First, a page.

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Chinese firms adjust strategies amid European economic slump

Publication Date : 12-07-2012

 

Chinese trading companies are having to adapt their import-export strategies, as recession continues to bite in Europe, with many switching their focus to improving quality and cutting costs, as well as expanding more into emerging markets.

According to the latest figures release by China's customs agencies, there has been a marked shift in demand for Chinese goods from various parts of the world in the first five months of the year.

In Hangzhou, for example, the latest customs figures show that although export and import volumes of Zhejiang province dropped sharply in the first four months this year, total volumes exceeded US$28 billion in May, an increase of 7.6 per cent year-on-year.

In Shanghai, export and import volumes for the first five months exceeded $176 billion, a 3.8 per cent rise on the same period last year. The volumes in May were $39.7 billion, an increase of 10.4 per cent year-on-year.

But traders said business with the European Union has been hit hard.

"Orders from European clients have dropped by at least 30 per cent compared to last year, while we have seen a 5 per cent rise in orders from South American countries," said Jiang Kexing, the manager of Yiwu Hongxu Trading Co Ltd, which is now attempting to expand its business in emerging economies.

Jiang added that all the trading companies he knows are trying to improve their profit margins by getting out of the markets affected, as the European slump continues.

"Switching to regions and countries that haven't been affected by the European debt crisis is the obvious way to avoid losses," said Jiang.

"Clients in developing economies seem very interested in our products, which has allowed us to have some relief from the worsening market in Europe," he added.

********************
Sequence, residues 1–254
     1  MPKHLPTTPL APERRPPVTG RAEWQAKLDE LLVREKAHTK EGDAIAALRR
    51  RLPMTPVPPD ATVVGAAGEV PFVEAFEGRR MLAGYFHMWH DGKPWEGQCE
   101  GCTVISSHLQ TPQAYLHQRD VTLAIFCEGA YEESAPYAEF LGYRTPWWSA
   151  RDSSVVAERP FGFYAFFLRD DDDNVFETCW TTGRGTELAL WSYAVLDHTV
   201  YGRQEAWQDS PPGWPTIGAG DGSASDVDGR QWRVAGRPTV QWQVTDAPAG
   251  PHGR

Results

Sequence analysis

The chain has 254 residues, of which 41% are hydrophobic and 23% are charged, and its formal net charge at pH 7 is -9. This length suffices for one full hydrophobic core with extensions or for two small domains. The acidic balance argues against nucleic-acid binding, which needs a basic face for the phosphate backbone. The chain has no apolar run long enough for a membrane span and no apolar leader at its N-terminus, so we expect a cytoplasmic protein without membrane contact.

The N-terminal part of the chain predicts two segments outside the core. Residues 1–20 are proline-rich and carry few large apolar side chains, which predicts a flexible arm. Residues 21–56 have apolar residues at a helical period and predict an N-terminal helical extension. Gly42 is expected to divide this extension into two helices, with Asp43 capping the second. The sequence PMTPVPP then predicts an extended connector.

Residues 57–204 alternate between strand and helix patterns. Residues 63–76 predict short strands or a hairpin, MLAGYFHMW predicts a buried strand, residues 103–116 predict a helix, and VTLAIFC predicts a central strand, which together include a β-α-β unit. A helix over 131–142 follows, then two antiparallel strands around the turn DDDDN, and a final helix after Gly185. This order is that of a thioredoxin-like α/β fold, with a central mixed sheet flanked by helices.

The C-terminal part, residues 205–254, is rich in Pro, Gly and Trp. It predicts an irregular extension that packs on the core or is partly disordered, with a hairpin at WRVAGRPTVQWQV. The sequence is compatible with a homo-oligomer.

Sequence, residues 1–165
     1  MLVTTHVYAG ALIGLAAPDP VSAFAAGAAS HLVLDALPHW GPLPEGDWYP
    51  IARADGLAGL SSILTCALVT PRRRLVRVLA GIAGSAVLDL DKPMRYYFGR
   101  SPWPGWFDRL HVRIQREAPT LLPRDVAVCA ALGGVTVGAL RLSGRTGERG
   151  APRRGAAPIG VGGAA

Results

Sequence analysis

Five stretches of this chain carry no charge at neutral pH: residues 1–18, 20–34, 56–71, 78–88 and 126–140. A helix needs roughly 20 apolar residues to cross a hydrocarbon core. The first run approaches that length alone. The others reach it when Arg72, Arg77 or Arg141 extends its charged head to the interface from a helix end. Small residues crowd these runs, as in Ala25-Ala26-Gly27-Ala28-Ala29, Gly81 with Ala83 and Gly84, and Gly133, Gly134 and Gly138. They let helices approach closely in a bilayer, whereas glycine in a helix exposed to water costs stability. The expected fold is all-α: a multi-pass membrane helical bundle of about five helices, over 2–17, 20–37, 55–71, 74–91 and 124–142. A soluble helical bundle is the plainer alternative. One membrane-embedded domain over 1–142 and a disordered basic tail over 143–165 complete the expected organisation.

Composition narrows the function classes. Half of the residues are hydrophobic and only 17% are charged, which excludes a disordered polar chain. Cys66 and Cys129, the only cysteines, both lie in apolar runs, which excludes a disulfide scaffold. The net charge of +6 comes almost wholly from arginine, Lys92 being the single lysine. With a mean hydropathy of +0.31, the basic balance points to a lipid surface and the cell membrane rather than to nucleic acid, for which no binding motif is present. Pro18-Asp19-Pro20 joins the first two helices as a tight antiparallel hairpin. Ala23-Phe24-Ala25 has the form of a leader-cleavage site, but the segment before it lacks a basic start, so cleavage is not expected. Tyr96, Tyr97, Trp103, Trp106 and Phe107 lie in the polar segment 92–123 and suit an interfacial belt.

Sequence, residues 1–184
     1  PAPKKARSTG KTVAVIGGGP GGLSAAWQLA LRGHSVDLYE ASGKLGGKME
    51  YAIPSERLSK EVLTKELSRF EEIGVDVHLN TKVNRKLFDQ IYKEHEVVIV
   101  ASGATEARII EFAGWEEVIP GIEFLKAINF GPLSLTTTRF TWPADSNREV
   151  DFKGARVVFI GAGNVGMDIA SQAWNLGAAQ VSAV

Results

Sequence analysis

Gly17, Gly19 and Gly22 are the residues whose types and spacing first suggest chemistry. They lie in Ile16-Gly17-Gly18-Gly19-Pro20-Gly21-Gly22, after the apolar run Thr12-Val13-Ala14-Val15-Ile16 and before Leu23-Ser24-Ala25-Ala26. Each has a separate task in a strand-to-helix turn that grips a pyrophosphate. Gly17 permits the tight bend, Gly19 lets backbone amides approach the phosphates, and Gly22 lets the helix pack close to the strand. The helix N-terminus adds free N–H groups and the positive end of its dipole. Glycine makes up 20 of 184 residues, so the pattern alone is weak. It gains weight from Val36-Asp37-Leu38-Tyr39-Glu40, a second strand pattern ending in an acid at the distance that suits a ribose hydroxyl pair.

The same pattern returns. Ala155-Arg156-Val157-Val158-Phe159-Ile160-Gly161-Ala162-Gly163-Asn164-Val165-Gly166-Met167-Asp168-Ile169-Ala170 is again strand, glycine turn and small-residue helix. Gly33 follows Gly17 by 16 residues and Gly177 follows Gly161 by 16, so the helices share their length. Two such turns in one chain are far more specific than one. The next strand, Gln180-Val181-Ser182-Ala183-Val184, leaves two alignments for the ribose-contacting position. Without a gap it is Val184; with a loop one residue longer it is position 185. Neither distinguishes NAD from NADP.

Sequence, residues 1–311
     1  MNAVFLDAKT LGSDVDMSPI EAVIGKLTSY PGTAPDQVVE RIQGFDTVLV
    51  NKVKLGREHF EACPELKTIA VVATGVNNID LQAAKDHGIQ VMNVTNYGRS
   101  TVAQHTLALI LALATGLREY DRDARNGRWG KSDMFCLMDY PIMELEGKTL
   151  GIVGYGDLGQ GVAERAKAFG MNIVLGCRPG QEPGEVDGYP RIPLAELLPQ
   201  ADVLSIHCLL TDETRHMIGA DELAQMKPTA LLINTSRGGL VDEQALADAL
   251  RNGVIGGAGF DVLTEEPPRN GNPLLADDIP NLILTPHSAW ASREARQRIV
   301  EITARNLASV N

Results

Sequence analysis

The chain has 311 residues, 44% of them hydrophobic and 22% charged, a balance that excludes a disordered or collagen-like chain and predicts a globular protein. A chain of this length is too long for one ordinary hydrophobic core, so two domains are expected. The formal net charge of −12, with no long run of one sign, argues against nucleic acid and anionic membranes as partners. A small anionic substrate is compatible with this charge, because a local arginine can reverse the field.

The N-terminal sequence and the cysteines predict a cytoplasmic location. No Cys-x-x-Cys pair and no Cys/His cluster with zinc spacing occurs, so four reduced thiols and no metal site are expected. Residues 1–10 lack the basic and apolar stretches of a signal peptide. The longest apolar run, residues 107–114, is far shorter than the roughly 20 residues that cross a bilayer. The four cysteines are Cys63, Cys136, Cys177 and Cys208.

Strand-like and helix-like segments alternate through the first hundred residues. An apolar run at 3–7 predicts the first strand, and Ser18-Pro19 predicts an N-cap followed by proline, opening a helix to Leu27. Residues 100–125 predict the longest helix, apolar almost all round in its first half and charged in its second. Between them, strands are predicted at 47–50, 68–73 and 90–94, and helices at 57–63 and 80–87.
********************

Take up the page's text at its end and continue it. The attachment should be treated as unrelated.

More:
But as well as expanding into different markets, Jiang said he has had to upgrade the technology being used on his production line too, to enhance the overall quality of the products, as well as gradually increase volumes.

There has been a marked shift in priorities, too, at Shanghai Ruinian Fine Chemical Industry Co.

Luo Gang, chairman of Shanghai Ruinian, said the company has been introducing various measures to cut production costs and boost efficiency.

"We've also transformed ourselves from being just an equipment manufacturer, to becoming a product supplier for certain clients from overseas in the past 10 years, and that's increased annual profitability by over 30 per cent in the process," said Luo.

He added that to stand out from local competitors, his team has shortened the production process, and applied cheaper materials to reduce costs.

Companies that produce high-tech items, meanwhile, say they have actually been largely unaffected by the slower trading industry - but again changes have had to be made, to adapt to the changing conditions.

"We have been focusing on reducing the cost of materials and improving the performance of our solar technology," said Qu Xiaohua, the founder of Canadian Solar, one of the world's largest solar panel producers.

Qu said the company has turned itself from being solely a manufacturer to being a worldwide "total solution provider" on solar energy.

The company has managed to minimise the unit cost of items from $7 to $8 in 2007, to less than $1 at the moment.

A quarter of its business now focuses on this total solution approach, and that's likely to rise to 40 per cent next year.

"Orders from European countries declined sharply due to the crisis, but demand for our products is still experiencing gradual growth," said Qu.

Tu Jun, the owner of a trading company which specialises in exporting gift packaging in Wenzhou, Zhejiang province, said he too has noticed more emphasis from his clients on quality, and he's been doing increasing amounts of business in developing economies such as Chile, Panama and Russia, as business has dropped elsewhere.

Orders from the United States and European countries have dropped dramatically, by over 50 per cent.

Tu added that lower material and labour costs in China no longer represent the advantage they once did. So he decided to switch to the middle- and high-end of the market, instead of struggling in the tough competition of the low-end market.

"Smaller numbers of quality orders, have helped to expand our business," Tu said.

 

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